Originally, the neoliberal compact of the 80s, which replaced the social welfare compact after WWII, was based on an alliance of the ruling classes with the new identity politics, i.e the cultural changes demanded by the youth cohorts that fought the 1968 revolutions, and the subsequent demands for egalitarian civil rights by racial minorities, women, sexual practice minorities, etc …, while simultaneous de-industrialising the West to eliminate working class power and demands. This led to huge advances in civil rights, to systemic anti-discrimination practices in institutions, and to the growth of a upwardly mobile middle class emerging from these minorities, though at the detriment of the stagnation or decline of working class wages.
But as of 2003, resource prices stopped their downward trend and started augmenting, and in 2008, the global financial crisis occurred, seriously affecting the redistributional capacity of the state, which is actually bankrupting itself to keep the financial and corporate institutions afloat. Neoliberal leaderships such as those of Obama, resulted in such quite systematic choices in favour of the saving the financial elite, at the cost of minorities and working classes (see the housing policies of Obama, which particularly affected the housing stock of the African-American population).
In particular, upward educational mobility was seriously affected, creating a generation riddled with student debt, and with very precarious prospects. This is particularly the case for minority students which saw their upward mobility endangered.
In such a conjuncture, social and economic prospects become not only negative, but can be seen as a zero sum game; psychological and sociological uncertainty leads to identity issues and a search for protective communities that can take various forms:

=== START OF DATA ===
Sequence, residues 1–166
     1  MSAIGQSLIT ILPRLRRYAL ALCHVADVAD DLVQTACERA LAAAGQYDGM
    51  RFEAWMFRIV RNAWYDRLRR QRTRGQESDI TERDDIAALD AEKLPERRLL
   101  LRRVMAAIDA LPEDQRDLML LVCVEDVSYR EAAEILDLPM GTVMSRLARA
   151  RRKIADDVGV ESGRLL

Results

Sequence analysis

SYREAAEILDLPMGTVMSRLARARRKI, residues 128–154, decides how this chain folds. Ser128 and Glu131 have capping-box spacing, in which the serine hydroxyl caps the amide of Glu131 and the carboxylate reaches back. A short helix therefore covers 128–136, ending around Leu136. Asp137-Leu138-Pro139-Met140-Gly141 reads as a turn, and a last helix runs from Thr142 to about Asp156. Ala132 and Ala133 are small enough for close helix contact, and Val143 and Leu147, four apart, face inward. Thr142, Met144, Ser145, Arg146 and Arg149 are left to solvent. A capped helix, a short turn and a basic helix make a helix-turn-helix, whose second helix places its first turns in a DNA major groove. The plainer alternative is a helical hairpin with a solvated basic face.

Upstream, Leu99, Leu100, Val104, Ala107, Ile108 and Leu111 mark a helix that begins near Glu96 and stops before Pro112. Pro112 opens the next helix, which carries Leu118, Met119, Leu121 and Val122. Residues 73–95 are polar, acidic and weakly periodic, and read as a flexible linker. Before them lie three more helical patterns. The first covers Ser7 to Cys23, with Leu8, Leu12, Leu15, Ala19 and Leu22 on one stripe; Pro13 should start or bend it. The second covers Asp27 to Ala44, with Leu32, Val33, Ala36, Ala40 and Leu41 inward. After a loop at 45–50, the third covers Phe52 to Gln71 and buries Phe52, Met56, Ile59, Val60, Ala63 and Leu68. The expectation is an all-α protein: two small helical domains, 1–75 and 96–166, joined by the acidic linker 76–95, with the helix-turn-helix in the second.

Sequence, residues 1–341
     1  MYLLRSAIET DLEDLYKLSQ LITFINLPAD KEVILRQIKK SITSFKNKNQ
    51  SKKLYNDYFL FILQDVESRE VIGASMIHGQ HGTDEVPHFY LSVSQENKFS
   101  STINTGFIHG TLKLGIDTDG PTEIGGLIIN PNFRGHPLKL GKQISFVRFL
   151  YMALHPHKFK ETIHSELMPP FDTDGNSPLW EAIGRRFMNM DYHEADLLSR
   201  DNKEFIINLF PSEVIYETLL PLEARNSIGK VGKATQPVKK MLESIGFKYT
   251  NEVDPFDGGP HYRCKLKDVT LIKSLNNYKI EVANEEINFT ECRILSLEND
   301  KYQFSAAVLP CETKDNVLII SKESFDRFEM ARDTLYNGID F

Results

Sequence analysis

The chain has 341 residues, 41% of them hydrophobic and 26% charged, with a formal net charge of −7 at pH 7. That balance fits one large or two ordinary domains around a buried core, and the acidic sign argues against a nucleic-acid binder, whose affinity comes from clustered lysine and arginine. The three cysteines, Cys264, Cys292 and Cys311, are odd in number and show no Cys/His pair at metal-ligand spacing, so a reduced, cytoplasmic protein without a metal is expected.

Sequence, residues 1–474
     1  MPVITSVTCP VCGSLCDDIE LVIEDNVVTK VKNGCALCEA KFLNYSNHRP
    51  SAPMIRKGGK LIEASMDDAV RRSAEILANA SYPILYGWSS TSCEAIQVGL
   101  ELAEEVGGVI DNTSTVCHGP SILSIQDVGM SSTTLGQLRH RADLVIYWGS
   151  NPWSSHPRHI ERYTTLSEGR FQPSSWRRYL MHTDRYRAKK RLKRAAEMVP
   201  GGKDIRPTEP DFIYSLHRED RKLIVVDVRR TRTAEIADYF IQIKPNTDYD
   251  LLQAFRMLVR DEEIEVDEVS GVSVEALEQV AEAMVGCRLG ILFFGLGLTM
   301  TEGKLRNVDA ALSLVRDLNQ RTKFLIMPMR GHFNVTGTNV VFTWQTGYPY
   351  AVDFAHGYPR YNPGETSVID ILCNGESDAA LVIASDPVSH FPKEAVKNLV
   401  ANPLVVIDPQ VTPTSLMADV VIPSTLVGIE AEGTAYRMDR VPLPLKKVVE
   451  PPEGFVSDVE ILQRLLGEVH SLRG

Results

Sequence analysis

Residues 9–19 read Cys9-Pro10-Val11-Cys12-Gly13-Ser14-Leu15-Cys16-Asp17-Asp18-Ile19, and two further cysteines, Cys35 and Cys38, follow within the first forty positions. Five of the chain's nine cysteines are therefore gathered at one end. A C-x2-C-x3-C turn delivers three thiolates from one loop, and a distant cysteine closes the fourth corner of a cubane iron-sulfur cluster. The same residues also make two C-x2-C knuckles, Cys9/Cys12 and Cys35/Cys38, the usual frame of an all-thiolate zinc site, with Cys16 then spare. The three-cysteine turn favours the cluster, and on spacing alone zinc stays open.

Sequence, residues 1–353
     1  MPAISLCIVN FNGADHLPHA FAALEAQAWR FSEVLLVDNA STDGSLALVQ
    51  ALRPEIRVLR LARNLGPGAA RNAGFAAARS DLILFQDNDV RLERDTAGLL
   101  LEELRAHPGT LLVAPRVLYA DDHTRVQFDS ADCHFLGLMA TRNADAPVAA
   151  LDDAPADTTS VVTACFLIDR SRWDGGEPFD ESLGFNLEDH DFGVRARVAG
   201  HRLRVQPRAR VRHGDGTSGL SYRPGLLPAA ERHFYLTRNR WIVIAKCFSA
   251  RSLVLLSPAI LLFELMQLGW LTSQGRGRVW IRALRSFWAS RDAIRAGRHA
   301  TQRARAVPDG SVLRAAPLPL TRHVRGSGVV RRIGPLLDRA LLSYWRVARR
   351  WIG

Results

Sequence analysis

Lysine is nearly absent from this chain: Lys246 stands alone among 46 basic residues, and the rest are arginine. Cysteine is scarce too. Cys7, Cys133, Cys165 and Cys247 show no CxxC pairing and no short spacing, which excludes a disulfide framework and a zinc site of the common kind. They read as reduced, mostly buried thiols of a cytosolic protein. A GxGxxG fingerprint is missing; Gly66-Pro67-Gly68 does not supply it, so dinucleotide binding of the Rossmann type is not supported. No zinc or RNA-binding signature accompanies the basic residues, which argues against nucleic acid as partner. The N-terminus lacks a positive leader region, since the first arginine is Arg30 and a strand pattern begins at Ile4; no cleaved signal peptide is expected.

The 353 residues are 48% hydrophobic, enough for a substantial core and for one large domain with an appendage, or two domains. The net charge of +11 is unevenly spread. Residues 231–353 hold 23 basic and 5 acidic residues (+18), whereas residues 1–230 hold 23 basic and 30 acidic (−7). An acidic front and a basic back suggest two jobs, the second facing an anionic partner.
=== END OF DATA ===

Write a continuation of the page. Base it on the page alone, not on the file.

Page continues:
1) traditional left-wing urban populism, as represented by Sanders
2) ethno-nationalistic re-identification with the nation state, as represented by Trump
3) identitarian politics, as represented by the woke movement.
- Option 1 is the most hated by the elites, since it requires substantial distribution of resources towards the working (and non-working) poor;
- option 2 has become attractive to rural populations, small business holders and the native working class and this movement gave us Trump; but to a substantial degree, Trump represents giving up Empire to save the Nation, which is contrary to the neoliberal choice of giving up the Nation for the sake of Empire. Trump represents a rival alliance than the current neoliberal compact.
- And this is what makes option 3 so attractive to the elite. Option 3 represents a new compact of the elites, to make hard a new redistribution of the spoils with the upwardly mobile minorities, but at the cost of sacrificing the working poor of all genders and colours.
It is the cheapest option, that allows the ruling elites
1) to maintain what they can of the Empire by expanding its social base with new middle class representation;
2) to avoid more massive egalitarian redistribution.
Giving the alliance of minority elites a stake in the system creates a new sociological compact, and expands elite buy-in, creating a bulwark against majority demands that are much more dangerous and costly.
This explanation reconciles both the elite-origination of the movement, and its substantial support by the ruling elites.
It creates the question: what is the right emancipatory response to this challenge ?
Answering this requires a follow-up article, and it involves adding commons-centric strategies, as the old labor-centric strategies are no longer working to obtain political majorities.
For more details, see our analysis of Woke Ideology.